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8th May 1970, Page 45
8th May 1970
Page 45
Page 45, 8th May 1970 — road and workshop
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by Handyman

Benchwise: lathe sense (15)

IN my last article I concluded lathe and taper turning with a test piece between centres, and the top slide now set correctly; before moving on I must deal with the other popular method, setting over the tail-stock assembly the required amount to give the offset needed for a given taper. Here again, the easier method concerns use of the dial gauge, which is really a "must" if serious turning is being considered, and only takes a small outlay. However, whether setting the tail-stock over by known measurement, or with a test piece between centres, the dial gauge cuts setting-time right down.

If working to an exact measurement only, with no test piece, the dial gauge should first be used to check that the tail-stock is truly parallel with the lathe as described earlier, then the plunger of the gauge should be against the tail-stock barrel at zero. the tail-stock binding screws or bolts in the base eased and the tail unit moved across until the dial indicates that the predetermined calculation has been reached.

Test tapers

However, I strongly recommend the use of test tapers—with a test piece between centres and the dial gauge plunger registering on the taper it takes only a few minutes to set the tail-stock over. But do remember that just as when setting the top slide, the plunger of the gauge must be at the exact height of the lathe centre.

Now as to the lathe tool required—this should be a knife tool rather than the round nose, as this will operate without the

"chatter" often associated with round nose tools, and chatter can mean a rough or ridged finish that must be avoided with taper fits. Speed is another matter of importance, and it must be made clear to the trainee that there are two features of speed with lathe work; (1) cutting speed, that at which the revolving material is passing the tool point, and not to be confused with (2) lathe spindle speed, the rpm of the driven workpiece.

Therefore it follows that for a given rpm of the work the cutting speed will vary with the diameter of the work, thus a very large diameter work piece will mean a high cutting speed at the periphery, and a lower spindle rpm may be called for. However, with taper turning for companion flange mating it is obvious that the actual cutting speed at the tool point is going to vary considerably from larger to smaller diameter or vice versa. So the aim should be for a slow speed rather than a fast one, and as this task calls for accuracy, never hesitate to engage the back gear and drop the spindle speed right down; it is far better to be sure than sorry and the lower speed will do far less harm than the fast one.

The trainee who may not have as yet have set himself up wth the various speed tables that are available for lathe work can apply a fairly simple formula that will suffice until he has gained experience and can note for himself where or when slight changes are called for. As materials such as high-speed and stainless steel have an accepted cutting speed of 50ft per minute, and annealed carbon steel requires 60ft per minute, the turner can determine the lathe spindle speed for either material by taking one-fourth of the work piece diameter and dividing it into the known cutting speed of the material in question. This formula applies to most materials where the cutting speed is known.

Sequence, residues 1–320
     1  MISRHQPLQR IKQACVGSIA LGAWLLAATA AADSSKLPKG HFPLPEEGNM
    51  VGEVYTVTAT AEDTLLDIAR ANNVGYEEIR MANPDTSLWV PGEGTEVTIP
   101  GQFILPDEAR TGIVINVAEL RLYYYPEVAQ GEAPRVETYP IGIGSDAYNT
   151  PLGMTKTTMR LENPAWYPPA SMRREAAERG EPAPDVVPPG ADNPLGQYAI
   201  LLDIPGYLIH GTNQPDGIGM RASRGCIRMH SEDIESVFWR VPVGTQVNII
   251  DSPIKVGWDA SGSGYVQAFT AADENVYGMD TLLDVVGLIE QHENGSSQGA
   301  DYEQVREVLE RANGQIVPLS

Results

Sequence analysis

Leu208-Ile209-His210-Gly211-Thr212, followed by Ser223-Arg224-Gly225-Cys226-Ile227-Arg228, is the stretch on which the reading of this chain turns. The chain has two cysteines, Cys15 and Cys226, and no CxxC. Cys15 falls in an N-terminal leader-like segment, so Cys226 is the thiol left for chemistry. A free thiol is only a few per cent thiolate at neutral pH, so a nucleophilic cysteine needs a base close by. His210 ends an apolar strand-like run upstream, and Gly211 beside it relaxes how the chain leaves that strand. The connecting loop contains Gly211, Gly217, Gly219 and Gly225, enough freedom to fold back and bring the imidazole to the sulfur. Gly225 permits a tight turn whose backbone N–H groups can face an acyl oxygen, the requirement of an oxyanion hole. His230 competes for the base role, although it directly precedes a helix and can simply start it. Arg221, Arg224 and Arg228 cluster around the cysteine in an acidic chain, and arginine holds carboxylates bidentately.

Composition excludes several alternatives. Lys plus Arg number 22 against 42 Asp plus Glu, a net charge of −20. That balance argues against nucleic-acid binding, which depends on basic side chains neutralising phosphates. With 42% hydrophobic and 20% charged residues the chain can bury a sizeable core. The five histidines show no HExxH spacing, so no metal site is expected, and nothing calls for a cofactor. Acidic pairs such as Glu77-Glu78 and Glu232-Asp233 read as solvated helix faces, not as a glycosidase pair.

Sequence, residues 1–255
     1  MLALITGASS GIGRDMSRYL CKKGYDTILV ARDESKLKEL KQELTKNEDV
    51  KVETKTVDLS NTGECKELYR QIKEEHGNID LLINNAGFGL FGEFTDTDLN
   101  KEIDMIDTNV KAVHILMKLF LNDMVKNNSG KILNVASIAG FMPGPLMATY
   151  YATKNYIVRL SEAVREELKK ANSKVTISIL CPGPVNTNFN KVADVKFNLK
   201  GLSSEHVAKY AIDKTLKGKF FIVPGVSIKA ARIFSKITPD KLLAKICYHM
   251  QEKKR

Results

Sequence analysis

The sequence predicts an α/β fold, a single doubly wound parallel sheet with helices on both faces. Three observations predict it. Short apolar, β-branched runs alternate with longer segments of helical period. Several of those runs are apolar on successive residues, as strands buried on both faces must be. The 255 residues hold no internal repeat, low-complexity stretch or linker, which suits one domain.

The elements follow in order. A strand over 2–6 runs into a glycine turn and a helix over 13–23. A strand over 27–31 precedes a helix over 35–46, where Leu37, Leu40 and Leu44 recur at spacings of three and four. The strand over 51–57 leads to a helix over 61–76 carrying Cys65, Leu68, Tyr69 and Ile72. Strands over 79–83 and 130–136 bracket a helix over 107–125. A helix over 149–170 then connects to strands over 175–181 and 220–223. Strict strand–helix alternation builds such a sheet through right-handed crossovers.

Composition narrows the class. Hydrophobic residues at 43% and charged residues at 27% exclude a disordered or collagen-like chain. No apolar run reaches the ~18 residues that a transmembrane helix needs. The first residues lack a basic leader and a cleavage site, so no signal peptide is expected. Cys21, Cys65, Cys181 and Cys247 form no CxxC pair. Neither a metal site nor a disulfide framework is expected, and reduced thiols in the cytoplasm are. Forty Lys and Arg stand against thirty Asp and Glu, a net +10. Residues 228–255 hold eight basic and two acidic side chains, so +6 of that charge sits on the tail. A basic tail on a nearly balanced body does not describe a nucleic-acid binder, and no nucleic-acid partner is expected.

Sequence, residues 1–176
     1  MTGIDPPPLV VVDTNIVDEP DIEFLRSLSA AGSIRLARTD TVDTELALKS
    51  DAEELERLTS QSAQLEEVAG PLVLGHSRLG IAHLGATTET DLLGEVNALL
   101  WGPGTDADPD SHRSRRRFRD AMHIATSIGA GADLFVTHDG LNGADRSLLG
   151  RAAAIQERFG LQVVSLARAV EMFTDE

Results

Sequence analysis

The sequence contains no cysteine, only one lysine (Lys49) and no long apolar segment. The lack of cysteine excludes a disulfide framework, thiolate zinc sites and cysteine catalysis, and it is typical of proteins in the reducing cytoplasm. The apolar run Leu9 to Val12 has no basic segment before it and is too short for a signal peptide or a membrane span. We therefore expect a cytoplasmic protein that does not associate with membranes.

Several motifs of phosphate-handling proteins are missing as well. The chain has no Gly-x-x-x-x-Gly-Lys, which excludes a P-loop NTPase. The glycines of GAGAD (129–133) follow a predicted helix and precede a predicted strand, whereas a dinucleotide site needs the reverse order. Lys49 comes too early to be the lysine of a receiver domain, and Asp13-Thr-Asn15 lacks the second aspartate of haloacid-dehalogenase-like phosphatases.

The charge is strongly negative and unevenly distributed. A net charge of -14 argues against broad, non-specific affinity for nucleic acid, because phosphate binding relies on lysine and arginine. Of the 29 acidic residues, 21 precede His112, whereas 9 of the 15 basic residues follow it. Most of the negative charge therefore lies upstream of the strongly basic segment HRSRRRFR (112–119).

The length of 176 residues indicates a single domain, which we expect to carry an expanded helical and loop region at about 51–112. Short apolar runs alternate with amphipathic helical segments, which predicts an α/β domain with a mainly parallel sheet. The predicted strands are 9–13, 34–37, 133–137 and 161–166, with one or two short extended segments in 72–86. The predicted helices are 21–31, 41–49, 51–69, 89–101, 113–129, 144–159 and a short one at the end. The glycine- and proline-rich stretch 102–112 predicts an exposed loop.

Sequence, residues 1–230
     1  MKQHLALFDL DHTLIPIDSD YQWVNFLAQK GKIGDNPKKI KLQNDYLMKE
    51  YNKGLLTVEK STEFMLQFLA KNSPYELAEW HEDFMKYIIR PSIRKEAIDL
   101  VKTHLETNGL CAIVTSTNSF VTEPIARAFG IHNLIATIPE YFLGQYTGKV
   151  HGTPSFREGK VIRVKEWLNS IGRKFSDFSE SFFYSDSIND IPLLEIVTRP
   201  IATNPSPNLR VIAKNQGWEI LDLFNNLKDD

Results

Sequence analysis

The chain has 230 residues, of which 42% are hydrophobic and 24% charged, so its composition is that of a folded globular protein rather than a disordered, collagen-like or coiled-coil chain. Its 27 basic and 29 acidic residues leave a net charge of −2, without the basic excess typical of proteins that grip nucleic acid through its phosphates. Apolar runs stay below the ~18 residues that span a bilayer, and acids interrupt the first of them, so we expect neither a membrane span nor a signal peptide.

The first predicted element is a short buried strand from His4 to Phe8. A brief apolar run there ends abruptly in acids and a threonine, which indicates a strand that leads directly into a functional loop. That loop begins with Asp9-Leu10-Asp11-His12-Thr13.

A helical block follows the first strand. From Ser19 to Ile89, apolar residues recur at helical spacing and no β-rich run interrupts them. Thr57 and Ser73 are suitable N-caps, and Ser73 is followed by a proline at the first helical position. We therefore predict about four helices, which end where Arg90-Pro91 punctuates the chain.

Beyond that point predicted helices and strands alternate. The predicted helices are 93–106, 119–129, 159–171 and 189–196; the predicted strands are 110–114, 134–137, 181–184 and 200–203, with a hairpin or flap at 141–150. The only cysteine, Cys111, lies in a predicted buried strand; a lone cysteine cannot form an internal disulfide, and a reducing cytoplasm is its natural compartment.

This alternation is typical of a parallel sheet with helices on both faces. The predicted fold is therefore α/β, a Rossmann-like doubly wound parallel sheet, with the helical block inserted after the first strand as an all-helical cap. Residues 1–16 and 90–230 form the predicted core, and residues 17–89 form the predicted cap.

Speed formula

I must reiterate that this speed formula is based on fairly constant diameters, and whereas it can be applied to the comparatively short descent of a gear shaft taper, the whole aspect is changed where you have a large flywheel driving face to machine from its rim to within 2in. of the centre. Here you have a high cutting speed at the periphery steadily reducing as you move towards the centre, therefore such work as this calls for low rpm and usually back gear operation.

To return to the taper turning operation and having set the work over by adjusting the tail-stock, or swivelling the top slide to mate the test piece, this important item of lathe equipment can be removed and stored ready for use another time; the reclaimed shaft can be set up ready for cutting the taper. As the shaft has just been in the hands of the welder, certain precautions must be taken before starting to machine, and these are: examine the reclaimed area and remove any hard scale that may still be attached, chip this gently off and wire brush clean; clear out any surface blow-holes of any slag content—these may not be deep and may be well clear of the finished size, but they can cause the tool to jump or break its point.

The next move is even more important; this is to examine the centre hole in the reclaimed end of the shaft, which as a rule is in the end of a threaded area. Although a good welder will always slip a steel sleeve over this area to protect the threads, examine and clean out the centre hole of any scale which can be present due to welding heat or quenching.

With the cleaned-up work piece now mounted between centres and the centres lubricated, one more important task remains. This is to check the height of the tool point in relation to the lathe centre, just as was necessary with the plunger of the dial gauge when setting up the test piece. The tool point must be positively the same height as the lathe centre, as if by chance the tool is set below the lathe centre height and the taper is steep, the tool can be in contact for less than the full distance, and miss altogether at the smaller diameter. This is a rule which must be applied at all times with taper turning.


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